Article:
During a morning walk about a week ago I heard the muffled honking of a flock of Canada Geese. I stopped, turned south, looked up, and waited. The honking then grew quite loud. Soon they came into view, a magnificent V formation of about 70 birds! It was a delight to watch them move steadily north, and hear the raucous calls.
Bing free to share and use – Jitze Couperus, Flickr
Why fly in a V? Likely for two reasons: 1) flying slightly above the bird in front lessens the wind resistance, saving energy, and 2) for better coordination and communication.
Other nature happenings in the area:
Even though they’re here year-round, I rarely see Wood Ducks. In early May, this male was spotted in the woods nearby. The female was there also but was slightly hidden. It is strange to see a duck in a tree! Here is more information about them, from this link: “The Wood Duck nests in trees near water, sometimes directly over water, but other times over a mile away. After hatching, the ducklings jump down from the nest tree and make their way to water. The mother calls them to her, but does not help them in any way. The ducklings may jump from heights of over 50 feet without injury.”
Prairie Smoke is a prairie wildflower that blooms in early spring. The pink/red flower hangs down early on but once pollinated rights itself and opens. After flowering, the fruit/seed is on a 2-inch long plume; i.e. smoke fluttering in the wind. I think it’s quite stunning.
Garden plants retain the remains of a morning rainfall:
This eastern gray squirrel was munching on marrow from a discarded bone. Whose bone? How did it get there?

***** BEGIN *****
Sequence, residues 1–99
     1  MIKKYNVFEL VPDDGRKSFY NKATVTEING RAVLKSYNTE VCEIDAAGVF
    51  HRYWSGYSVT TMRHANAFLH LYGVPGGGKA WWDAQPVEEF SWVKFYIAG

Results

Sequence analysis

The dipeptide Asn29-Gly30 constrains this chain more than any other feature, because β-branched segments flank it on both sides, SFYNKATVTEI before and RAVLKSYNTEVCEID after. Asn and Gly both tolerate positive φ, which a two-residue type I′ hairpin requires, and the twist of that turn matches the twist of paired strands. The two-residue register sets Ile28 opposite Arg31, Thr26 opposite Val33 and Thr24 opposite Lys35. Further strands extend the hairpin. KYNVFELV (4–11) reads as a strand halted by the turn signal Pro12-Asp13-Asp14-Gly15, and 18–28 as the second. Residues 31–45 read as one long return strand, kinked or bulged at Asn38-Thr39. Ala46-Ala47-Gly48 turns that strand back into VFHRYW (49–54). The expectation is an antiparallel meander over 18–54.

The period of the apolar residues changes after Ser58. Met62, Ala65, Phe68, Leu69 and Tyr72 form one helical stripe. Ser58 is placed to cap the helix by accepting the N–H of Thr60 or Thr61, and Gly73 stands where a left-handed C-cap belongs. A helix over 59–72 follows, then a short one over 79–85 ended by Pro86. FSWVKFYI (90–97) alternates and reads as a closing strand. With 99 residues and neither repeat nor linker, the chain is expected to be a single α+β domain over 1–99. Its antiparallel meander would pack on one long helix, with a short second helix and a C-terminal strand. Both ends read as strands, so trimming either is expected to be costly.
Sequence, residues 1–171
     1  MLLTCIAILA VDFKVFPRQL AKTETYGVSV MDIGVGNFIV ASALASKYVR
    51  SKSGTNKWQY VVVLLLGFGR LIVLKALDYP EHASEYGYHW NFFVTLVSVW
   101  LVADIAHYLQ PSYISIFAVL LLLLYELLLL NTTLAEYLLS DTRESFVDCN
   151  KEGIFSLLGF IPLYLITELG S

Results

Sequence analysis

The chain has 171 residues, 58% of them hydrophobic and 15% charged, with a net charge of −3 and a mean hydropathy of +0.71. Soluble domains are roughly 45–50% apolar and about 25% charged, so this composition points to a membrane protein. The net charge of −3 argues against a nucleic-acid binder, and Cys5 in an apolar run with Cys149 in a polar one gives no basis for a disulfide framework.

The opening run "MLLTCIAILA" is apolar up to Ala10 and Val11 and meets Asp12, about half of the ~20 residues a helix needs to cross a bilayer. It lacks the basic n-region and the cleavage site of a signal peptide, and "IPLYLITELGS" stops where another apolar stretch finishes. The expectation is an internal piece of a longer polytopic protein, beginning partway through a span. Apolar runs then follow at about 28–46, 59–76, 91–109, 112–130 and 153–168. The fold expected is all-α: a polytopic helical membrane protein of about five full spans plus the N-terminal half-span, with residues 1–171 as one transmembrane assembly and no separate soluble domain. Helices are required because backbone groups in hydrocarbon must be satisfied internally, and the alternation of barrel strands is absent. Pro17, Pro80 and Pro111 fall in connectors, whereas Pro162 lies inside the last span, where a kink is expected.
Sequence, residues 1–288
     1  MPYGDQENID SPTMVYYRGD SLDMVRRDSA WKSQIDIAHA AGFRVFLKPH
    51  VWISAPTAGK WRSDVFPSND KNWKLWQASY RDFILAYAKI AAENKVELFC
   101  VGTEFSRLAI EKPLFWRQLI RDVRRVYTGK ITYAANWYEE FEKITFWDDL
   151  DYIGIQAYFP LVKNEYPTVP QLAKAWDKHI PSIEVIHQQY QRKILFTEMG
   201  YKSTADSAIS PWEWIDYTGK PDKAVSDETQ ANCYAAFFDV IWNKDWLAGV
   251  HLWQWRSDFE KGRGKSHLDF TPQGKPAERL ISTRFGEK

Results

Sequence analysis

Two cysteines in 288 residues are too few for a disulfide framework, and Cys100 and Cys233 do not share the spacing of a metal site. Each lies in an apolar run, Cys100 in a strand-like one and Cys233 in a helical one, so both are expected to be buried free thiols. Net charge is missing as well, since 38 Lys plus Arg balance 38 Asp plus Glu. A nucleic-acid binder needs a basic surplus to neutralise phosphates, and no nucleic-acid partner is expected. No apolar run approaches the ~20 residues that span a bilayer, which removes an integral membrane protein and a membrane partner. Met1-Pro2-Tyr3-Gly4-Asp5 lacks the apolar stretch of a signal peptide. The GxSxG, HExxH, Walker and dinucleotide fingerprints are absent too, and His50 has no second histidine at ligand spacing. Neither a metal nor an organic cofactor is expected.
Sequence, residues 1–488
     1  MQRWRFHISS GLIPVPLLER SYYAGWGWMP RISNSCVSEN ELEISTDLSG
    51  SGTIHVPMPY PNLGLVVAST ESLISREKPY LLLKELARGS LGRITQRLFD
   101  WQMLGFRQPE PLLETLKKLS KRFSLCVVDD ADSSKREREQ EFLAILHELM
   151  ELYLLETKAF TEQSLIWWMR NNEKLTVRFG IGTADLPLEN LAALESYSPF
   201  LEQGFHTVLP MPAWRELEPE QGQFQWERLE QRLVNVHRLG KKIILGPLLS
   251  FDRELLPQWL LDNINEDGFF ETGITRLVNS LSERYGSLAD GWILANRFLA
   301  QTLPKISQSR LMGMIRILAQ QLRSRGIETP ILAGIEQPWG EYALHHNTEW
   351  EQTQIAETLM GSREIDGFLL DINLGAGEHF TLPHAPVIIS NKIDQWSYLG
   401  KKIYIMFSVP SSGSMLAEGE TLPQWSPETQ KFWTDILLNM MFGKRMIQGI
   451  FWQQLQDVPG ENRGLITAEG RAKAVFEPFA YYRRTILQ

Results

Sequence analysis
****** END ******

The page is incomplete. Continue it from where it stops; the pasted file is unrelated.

The flowering crabapple was impressive this year with bright shades of pink:
A nature surprise while walking to an appointment:
Artist: MIKE LROY, Madison, WI
Dame’s rocket is in bloom now in Madison, Wisconsin. They look alike, but it is NOT garden phlox. Dame’s rocket is actually invasive, so don’t plant wildflower mixes that contain it. It has four flower petals, while garden phlox has five. This thriving patch of Dame’s rocket is across the street from Warner Beach:
I’m reading this book – How to Catch a Mole: And Find Yourself in Nature. The author writes about the How part, and interspersed with it are his tales of roaming the UK countryside as a homeless teenager, observations about nature, gardening, rock walls, and people, and conclusions he has reached as an old man. It’s good. Today I read these words that follow. I’m still thinking about them, and if I could ever say the same. It’s not easy to turn off my questioning mind and just allow questions to hang.
“I prefer unanswered questions. At the end of the answers there is usually a person who enjoys the power of appearing to know. I have come to like things that are left unfinished. It’s the question that shines the light, that seeks. The answer’s often just a dim reflection of the vastness of the question. There are no answers that satisfy.”